x Abu Dhabi, UAE Thursday 20 July 2017

String of explosions hit Bangalore

A series of at least seven synchronised small bombs shake India's hi-tech hub, killing two people and wounding at least 15.

In this frame taken from television, Indian security officials use a sniffer dog to search debris at the site of an explosion in Bangalore on July 25.
In this frame taken from television, Indian security officials use a sniffer dog to search debris at the site of an explosion in Bangalore on July 25.

BANGALORE // Seven small bombs exploded in quick succession across the south Indian city of Bangalore today, killing two people and wounding at least 15, police said. The southern city had been put on high alert, police said, with bomb disposal teams and forensic experts rushed into action as authorities tried to determine who was responsible. "A woman and a man have died and around a dozen others received shrapnel injuries in the blasts," said the Bangalore police commissioner Shankar Bidri.

Mr Bidri blamed the attack on people intent on "disturbing the peace and tranquillity of Bangalore city". He called on residents to remain calm. Several Indian cities have been hit by serial blasts in recent months, attacks that have been blamed on Islamic militants.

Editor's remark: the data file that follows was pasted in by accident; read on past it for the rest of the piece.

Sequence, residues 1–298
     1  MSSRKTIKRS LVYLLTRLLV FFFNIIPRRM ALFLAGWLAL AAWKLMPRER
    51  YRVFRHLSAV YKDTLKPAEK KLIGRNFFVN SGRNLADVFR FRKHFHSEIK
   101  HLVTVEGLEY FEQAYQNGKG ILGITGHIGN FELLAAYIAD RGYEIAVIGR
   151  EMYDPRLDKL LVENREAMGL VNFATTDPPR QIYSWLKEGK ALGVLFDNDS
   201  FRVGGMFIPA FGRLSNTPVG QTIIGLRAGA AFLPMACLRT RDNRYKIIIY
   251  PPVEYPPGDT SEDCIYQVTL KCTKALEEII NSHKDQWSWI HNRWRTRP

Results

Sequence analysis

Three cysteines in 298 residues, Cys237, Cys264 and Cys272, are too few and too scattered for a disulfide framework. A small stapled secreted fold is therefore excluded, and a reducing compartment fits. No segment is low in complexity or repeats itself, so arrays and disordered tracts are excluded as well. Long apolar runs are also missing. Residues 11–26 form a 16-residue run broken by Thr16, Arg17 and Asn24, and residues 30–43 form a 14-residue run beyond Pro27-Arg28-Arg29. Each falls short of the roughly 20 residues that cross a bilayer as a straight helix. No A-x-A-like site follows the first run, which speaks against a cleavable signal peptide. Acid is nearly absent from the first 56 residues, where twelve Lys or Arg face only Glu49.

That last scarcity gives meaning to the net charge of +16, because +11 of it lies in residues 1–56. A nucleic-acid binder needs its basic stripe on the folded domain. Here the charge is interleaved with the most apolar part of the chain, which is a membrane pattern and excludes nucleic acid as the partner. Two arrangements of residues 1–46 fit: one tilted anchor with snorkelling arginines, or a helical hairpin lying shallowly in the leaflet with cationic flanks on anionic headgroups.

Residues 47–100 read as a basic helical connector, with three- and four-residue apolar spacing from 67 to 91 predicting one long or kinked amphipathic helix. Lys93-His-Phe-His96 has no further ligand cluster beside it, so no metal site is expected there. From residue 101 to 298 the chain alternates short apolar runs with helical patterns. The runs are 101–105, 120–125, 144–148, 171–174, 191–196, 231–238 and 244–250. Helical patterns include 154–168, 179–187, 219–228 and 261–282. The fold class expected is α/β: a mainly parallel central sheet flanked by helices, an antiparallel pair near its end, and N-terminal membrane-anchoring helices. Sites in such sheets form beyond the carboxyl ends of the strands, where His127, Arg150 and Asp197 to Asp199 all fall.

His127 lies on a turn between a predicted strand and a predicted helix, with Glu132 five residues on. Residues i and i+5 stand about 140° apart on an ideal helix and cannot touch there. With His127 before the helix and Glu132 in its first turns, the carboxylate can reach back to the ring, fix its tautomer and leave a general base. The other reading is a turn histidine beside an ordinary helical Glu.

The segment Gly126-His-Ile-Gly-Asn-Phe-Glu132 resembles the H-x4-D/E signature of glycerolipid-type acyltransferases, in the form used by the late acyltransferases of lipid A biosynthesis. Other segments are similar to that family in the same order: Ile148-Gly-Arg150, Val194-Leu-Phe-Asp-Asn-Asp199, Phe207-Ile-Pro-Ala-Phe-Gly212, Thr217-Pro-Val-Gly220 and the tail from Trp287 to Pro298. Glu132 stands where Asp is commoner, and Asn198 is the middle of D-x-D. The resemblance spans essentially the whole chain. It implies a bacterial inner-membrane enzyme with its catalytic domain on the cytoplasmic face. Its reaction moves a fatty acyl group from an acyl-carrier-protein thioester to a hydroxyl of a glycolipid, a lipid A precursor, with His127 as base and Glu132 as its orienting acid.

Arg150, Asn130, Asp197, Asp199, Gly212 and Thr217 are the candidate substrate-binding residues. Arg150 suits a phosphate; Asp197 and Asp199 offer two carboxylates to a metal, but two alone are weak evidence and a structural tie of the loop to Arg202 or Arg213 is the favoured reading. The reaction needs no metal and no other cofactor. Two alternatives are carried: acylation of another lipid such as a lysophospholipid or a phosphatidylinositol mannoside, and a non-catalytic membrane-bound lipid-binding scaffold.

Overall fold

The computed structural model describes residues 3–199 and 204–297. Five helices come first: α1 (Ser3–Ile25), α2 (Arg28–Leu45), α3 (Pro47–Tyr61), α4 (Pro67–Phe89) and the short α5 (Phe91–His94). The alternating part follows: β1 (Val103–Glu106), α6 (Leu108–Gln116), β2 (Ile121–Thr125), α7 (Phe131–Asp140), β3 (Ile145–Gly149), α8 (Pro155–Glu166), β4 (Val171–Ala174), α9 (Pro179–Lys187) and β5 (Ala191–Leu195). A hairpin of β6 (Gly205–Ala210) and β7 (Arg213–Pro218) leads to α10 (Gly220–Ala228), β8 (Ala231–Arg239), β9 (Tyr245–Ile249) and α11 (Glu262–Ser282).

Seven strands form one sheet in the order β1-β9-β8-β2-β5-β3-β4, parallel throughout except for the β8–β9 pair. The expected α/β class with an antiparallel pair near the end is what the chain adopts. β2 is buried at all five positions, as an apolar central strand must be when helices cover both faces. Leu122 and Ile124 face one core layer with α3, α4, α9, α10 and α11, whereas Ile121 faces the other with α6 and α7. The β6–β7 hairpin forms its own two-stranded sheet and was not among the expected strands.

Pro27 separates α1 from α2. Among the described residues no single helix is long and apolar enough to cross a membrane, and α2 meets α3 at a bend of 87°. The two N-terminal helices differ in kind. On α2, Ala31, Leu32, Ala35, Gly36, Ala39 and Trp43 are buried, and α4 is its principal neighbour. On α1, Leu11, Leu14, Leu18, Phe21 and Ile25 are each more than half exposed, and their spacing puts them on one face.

So far none of India's various guerrilla groups or outlawed Maoist insurgents have claimed responsibility for the attacks, Mr Bidri added. The Indian Home Secretary Madhukar Gupta said the blasts occurred in a radius of 10km to 15km in Bangalore, the hub of India's outsourcing and software industry and the Indian base of many global technology firms. "Initial reports say that some of the blasts are low intensity using gelatin (gelignite explosive) sticks," the assistant police commissioner A Raghuveer said, adding the blasts took place between about 2.00 and 2.45 pm. "Such incidents will not deter the government from pursuing its policy of dealing with anti-national elements in a resolute manner," the Indian Home Minister Shivraj Patil was quoted as saying by the Press Trust of India news agency. Bangalore is home to more than six million people and some 1,500 domestic and foreign firms ? including Infosys Technologies, the pioneer of India's outsourcing sector. Soon after the blasts, the IT companies downed their shutters and asked their employees to go home, said a representative for the software companies. Bangalore has been relatively free of the militant attacks that have plagued other parts of the country, although one person was killed and four wounded in an attack at a premier science institute in the city in December 2005. Intelligence sources said it was too early to say who may have been behind today's attacks. "We are looking at the pattern of the explosions, and are trying to work out who is behind them and why," said a federal Intelligence Bureau official. "We hope to find out very soon."